The ProfileWednesday, February 13, 2013
I have never understood why essays on people that appear in magazines or newspapers are called profiles. Even more difficult for me is the concept of the verb to profile.
My first memory of the word is in Spanish and the word perfil is attached to griego meaning Greek. As I learned it had to do with the concept of heroic Greek statues of gods and goddesses, of statesmen (the bust of Pericles comes to mind) and even of philosophers, as Greeks revered them, too.
My grandmother, born in the 19th century and thus a person of the times was mildly (does anti-semitism come in different degrees like hot sauces?) anti-Semitic and if she spotted a person with a particular type of large nose she would have said, “He has the map of Jerusalem on his face.”
A profile was prominent in a story my mother often told me. My mother and grandmother were living in the Bronx in the early 30s. They were riding an elevated train and between them sat a man with a big nose. In Spanish, my mother, who was sitting by the window, asked my grandmother, “Can you see anything?” My grandmother replied in Spanish, “No the man between us has a very big nose.” At that point the man in the middle pushed his nose to one side with his index finger and in perfect Spanish asked, “Can you see now?” My mother and grandmother were so embarrassed that they immediately got up and left the train.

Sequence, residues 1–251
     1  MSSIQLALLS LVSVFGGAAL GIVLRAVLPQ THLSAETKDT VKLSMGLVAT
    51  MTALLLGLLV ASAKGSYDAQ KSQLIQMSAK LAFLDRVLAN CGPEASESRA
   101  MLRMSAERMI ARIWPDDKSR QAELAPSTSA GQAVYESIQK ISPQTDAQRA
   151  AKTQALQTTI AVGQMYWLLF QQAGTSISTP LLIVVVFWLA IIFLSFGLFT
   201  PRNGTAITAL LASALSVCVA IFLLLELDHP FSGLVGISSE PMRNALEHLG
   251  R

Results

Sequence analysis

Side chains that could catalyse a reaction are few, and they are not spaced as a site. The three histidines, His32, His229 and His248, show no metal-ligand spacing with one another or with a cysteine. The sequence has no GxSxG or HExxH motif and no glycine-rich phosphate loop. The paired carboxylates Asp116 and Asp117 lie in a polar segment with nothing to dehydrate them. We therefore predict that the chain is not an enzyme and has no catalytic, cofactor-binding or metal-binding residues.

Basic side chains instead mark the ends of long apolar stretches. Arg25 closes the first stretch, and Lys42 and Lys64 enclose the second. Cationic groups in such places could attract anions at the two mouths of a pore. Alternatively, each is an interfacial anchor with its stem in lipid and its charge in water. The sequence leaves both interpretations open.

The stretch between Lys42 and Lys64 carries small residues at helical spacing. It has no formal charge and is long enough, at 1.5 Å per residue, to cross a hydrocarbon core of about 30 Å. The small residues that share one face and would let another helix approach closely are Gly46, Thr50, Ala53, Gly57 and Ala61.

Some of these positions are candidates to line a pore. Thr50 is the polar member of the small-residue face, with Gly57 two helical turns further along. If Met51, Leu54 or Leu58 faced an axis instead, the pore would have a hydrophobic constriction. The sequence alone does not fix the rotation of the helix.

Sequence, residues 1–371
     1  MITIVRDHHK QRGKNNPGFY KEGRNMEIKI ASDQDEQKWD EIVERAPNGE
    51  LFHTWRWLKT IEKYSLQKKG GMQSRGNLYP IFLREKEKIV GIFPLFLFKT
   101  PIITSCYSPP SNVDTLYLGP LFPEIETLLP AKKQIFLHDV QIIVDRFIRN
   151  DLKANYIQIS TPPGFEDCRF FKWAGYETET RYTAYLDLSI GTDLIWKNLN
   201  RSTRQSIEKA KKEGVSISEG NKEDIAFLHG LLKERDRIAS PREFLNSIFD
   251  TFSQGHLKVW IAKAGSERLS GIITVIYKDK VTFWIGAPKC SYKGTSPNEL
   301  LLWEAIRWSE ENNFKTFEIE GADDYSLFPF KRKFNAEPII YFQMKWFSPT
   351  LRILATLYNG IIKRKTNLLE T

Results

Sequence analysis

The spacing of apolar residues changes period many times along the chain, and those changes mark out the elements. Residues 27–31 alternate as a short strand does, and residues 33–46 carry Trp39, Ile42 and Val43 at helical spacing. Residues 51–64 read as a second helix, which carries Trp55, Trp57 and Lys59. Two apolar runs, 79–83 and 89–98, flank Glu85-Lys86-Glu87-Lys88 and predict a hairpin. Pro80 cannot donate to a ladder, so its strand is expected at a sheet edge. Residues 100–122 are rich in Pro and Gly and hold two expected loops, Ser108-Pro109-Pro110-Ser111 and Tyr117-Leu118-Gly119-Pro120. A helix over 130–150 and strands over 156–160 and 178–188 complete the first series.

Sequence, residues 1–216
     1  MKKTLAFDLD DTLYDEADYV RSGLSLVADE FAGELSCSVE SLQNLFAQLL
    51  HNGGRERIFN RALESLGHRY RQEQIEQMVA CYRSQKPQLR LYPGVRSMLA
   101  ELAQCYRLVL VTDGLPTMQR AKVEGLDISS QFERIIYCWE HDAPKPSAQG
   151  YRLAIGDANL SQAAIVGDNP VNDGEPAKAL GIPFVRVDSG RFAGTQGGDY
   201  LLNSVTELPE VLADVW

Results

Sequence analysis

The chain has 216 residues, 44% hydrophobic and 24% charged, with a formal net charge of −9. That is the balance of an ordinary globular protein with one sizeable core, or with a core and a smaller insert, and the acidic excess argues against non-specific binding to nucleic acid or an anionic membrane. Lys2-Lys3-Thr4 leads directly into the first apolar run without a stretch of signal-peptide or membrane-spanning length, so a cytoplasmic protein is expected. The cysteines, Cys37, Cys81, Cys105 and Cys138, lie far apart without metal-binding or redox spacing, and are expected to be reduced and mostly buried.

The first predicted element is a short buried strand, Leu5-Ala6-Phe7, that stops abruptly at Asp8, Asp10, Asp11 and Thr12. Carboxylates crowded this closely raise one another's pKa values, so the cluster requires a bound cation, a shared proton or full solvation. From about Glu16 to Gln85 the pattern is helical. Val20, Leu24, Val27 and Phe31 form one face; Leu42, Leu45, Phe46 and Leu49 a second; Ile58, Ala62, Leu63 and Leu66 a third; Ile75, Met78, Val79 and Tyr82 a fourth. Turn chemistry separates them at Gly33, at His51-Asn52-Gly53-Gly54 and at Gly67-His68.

In recent years I have given longish demonstration/lectures on the taking of a profile. A profile is not as simple as you might think. Consider this.
1. Can look straight ahead.
2. Can look upwards.
3. Can look downwards.
4. Can smile.
5. Can laugh.
6. Can be serious.
7. Can close eyes.
8. Show only one eye.
9. Show part of the other.
10 Show both eyes.
11. Depending on how you place your light you can show or hide your subject’s ear.
12. Just face.
13. Head and shoulders.
Seen here is a pleasant profile I took of my granddaughter Lauren this year.